- Following a warning from the federal government about the potential for Russian cyberattacks, the nation's hospital lobby is urging facilities to take immediate steps to prepare for possible disruption.
- The nation's cyber defense agency warned of potential threats in the wake of U.S. sanctions against Russia for its unprovoked invasion of Ukraine.
- In its warning, the Cybersecurity and Infrastructure Security Agency said there are no "specific or credible cyber threats" but that every organization, large and small, "must be prepared to respond to disruptive cyber activity."
The American Hospital Association is especially concerned after some hospitals were collateral damage when Russia targeted Ukraine in a 2017 attack that quickly spilled beyond Ukraine, wreaking havoc across the globe in what some have described as the worst cyberattack in history, known as NotPetya.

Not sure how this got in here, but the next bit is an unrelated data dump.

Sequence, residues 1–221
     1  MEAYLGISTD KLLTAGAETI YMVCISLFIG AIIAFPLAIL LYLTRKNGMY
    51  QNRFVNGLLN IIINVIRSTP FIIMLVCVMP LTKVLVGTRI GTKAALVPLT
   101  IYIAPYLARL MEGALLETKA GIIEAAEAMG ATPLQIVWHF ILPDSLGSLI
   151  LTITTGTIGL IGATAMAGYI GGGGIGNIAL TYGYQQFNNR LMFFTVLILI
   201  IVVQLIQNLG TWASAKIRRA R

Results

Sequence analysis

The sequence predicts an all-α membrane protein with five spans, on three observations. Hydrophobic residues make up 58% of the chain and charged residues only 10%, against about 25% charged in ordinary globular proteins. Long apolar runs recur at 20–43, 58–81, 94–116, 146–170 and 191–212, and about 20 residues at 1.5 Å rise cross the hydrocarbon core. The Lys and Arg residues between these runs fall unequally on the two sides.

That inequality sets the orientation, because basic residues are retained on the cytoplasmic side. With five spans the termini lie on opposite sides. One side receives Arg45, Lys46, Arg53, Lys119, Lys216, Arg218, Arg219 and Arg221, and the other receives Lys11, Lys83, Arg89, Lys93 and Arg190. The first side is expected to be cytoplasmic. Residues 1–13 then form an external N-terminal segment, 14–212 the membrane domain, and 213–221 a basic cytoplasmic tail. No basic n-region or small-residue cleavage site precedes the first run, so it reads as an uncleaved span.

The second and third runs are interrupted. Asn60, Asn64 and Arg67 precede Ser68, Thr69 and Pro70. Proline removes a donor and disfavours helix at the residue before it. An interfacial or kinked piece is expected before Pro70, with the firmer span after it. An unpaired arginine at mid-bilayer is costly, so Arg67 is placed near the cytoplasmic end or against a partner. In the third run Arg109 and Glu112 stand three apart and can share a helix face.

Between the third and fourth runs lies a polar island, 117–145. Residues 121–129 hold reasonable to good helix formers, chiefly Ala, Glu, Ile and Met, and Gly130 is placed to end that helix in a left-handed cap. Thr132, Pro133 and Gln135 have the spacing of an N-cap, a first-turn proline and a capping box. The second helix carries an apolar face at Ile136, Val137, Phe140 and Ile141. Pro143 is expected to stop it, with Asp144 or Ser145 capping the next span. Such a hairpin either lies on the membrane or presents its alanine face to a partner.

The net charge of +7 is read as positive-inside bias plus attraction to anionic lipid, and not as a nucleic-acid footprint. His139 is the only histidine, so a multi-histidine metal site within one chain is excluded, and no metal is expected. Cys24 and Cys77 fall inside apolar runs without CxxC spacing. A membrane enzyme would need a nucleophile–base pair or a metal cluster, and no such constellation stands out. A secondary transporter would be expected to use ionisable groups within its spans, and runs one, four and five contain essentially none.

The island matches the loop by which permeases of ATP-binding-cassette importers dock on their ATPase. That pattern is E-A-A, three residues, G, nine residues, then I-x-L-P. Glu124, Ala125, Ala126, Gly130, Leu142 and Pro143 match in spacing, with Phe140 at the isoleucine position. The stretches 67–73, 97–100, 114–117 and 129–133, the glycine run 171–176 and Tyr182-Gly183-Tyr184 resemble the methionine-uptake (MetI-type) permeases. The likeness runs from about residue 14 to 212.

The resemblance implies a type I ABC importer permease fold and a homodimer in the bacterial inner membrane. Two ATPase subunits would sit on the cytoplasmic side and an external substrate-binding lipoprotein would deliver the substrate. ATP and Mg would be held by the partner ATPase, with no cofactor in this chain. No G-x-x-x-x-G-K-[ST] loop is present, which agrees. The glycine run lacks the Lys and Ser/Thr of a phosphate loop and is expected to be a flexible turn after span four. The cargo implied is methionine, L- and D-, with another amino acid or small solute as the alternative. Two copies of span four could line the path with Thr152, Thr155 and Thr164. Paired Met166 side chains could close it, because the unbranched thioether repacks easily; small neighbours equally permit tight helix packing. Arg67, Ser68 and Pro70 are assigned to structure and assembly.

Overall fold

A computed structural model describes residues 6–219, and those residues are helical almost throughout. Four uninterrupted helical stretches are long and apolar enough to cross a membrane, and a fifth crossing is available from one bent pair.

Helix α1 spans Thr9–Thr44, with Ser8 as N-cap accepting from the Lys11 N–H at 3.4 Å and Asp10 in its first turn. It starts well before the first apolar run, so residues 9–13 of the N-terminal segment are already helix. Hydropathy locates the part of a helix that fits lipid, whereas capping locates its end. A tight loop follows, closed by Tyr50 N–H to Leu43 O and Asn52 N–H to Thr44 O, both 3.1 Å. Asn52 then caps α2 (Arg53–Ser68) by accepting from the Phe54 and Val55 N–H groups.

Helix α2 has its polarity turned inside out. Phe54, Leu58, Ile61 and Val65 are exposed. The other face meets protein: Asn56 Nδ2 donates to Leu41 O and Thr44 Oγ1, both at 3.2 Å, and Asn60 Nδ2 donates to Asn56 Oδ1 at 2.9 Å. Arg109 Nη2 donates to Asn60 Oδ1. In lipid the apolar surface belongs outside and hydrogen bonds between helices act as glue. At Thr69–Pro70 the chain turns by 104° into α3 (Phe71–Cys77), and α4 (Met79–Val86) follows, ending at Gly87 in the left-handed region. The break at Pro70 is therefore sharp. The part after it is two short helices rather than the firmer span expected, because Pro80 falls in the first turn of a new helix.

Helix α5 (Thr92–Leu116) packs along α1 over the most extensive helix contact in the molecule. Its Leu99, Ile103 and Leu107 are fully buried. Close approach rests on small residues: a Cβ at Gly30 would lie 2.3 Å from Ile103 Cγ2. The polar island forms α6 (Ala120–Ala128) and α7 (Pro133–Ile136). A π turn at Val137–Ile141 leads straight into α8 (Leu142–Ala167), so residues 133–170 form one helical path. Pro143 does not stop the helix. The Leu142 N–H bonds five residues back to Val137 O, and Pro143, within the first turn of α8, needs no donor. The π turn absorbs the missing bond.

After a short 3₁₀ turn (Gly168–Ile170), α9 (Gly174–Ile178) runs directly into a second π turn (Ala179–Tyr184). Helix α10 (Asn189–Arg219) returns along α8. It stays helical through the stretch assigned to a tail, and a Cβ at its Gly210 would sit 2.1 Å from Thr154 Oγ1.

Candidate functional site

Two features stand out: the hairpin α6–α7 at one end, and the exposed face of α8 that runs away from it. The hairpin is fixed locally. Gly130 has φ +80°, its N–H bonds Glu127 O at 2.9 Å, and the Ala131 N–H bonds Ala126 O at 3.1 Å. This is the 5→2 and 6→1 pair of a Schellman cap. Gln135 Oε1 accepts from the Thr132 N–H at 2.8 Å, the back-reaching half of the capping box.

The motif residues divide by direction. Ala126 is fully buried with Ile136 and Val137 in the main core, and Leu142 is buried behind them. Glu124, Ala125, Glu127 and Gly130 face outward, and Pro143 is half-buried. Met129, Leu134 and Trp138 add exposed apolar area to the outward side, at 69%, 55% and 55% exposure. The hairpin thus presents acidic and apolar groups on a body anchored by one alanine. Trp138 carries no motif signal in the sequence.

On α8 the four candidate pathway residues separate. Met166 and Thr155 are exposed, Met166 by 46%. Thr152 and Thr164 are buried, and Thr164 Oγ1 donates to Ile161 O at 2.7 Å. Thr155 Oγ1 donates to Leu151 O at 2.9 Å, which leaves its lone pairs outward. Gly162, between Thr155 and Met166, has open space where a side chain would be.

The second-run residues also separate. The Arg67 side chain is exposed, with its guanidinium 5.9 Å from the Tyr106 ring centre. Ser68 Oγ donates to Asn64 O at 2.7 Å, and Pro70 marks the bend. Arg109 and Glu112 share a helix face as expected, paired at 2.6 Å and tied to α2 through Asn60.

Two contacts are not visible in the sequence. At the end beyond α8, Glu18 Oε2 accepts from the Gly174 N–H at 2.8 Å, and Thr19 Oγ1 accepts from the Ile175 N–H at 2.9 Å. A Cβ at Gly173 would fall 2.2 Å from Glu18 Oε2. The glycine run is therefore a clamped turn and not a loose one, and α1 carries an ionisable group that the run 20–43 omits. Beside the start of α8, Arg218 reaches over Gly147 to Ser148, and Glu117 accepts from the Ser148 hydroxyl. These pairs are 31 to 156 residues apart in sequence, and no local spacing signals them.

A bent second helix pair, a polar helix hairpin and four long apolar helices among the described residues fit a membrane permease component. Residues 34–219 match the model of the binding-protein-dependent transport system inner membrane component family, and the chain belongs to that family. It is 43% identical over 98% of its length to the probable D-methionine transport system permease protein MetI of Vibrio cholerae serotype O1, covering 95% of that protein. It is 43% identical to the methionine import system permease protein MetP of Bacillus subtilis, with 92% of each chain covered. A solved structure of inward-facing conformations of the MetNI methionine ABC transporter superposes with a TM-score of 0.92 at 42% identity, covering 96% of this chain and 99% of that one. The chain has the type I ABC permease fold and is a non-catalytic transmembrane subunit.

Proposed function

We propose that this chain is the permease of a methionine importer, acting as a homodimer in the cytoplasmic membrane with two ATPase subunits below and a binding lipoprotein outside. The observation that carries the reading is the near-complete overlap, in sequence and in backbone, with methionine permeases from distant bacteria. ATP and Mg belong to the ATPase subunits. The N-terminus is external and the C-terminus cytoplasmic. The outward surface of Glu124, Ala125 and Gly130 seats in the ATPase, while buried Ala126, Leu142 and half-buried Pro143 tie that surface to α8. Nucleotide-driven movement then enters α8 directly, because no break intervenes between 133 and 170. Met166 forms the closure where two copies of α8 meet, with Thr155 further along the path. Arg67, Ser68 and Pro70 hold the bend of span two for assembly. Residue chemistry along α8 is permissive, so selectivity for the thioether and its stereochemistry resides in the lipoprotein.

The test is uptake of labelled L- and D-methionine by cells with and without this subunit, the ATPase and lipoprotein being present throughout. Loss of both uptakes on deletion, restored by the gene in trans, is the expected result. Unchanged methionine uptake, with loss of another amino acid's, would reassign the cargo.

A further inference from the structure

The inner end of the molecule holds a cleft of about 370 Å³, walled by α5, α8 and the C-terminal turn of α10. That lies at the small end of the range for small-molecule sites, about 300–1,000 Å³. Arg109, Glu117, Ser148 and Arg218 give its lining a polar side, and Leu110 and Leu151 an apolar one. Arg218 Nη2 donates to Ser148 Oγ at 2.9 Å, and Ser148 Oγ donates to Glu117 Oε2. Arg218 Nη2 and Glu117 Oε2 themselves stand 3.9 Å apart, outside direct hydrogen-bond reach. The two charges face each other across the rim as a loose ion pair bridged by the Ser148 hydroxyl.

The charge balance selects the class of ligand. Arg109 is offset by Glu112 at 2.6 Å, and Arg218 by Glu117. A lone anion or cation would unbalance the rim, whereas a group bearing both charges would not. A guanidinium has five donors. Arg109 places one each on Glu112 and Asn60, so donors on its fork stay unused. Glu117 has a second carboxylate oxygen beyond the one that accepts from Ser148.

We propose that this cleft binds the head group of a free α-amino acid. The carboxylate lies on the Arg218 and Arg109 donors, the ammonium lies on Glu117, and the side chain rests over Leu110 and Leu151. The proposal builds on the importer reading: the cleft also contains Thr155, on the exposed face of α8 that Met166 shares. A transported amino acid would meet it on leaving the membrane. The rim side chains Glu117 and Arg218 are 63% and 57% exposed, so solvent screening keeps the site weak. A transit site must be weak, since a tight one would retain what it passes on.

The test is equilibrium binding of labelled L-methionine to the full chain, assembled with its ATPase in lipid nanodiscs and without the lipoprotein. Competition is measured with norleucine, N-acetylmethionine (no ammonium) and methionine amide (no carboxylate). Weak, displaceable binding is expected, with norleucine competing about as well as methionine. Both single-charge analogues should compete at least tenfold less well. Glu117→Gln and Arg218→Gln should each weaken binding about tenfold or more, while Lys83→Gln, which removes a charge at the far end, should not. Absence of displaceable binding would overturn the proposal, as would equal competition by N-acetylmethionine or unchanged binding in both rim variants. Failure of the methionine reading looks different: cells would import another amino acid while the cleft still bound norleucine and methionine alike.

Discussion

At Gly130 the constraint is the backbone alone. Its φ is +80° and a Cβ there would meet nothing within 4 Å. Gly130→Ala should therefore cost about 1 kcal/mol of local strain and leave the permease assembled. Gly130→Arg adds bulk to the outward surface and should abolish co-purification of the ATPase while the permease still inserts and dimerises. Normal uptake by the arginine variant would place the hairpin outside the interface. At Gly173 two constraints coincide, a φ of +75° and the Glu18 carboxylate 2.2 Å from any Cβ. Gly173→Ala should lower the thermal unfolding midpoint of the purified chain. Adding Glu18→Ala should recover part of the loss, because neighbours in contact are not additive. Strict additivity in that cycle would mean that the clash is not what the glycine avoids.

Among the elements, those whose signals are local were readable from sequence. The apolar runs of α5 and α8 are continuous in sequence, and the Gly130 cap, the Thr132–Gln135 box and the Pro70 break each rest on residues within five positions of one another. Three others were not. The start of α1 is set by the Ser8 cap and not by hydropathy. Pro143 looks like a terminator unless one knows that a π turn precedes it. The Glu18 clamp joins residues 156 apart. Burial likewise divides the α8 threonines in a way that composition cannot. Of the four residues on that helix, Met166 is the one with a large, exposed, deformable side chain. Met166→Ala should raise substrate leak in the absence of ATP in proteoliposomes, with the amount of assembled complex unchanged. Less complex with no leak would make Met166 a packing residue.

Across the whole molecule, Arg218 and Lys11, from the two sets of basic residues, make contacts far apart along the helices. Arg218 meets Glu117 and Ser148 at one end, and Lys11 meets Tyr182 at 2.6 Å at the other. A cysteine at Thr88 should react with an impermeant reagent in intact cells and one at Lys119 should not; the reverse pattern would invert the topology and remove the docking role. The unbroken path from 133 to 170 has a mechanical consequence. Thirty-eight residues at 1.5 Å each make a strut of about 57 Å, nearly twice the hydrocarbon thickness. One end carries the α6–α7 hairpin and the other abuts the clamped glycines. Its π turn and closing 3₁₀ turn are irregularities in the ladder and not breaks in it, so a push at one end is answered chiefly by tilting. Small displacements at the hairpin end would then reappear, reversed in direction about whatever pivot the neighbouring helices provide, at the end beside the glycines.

In its latest cybersecurity advisory to hospitals, AHA laid out three main areas of concern. It's worried hospitals and health systems will be directly targeted by Russia or become inadvertent victims of malware or ransomware. Third, AHA said it's worried about a cyberattack that could "disrupt hospitals' mission-critical service providers."
AHA said it is closely monitoring the situation, according to a recent statement. "The threat situation remains tense and may evolve rapidly as sanctions are imposed and Russia responds," John Riggi, AHA's national adviser for cybersecurity and risk, said in a statement.
AHA urged facilities to be on the look out for increased and unusual network traffic or activity. And it encouraged leaders to warn staff about the increased risk of phishing emails, in addition to a handful of other suggestions.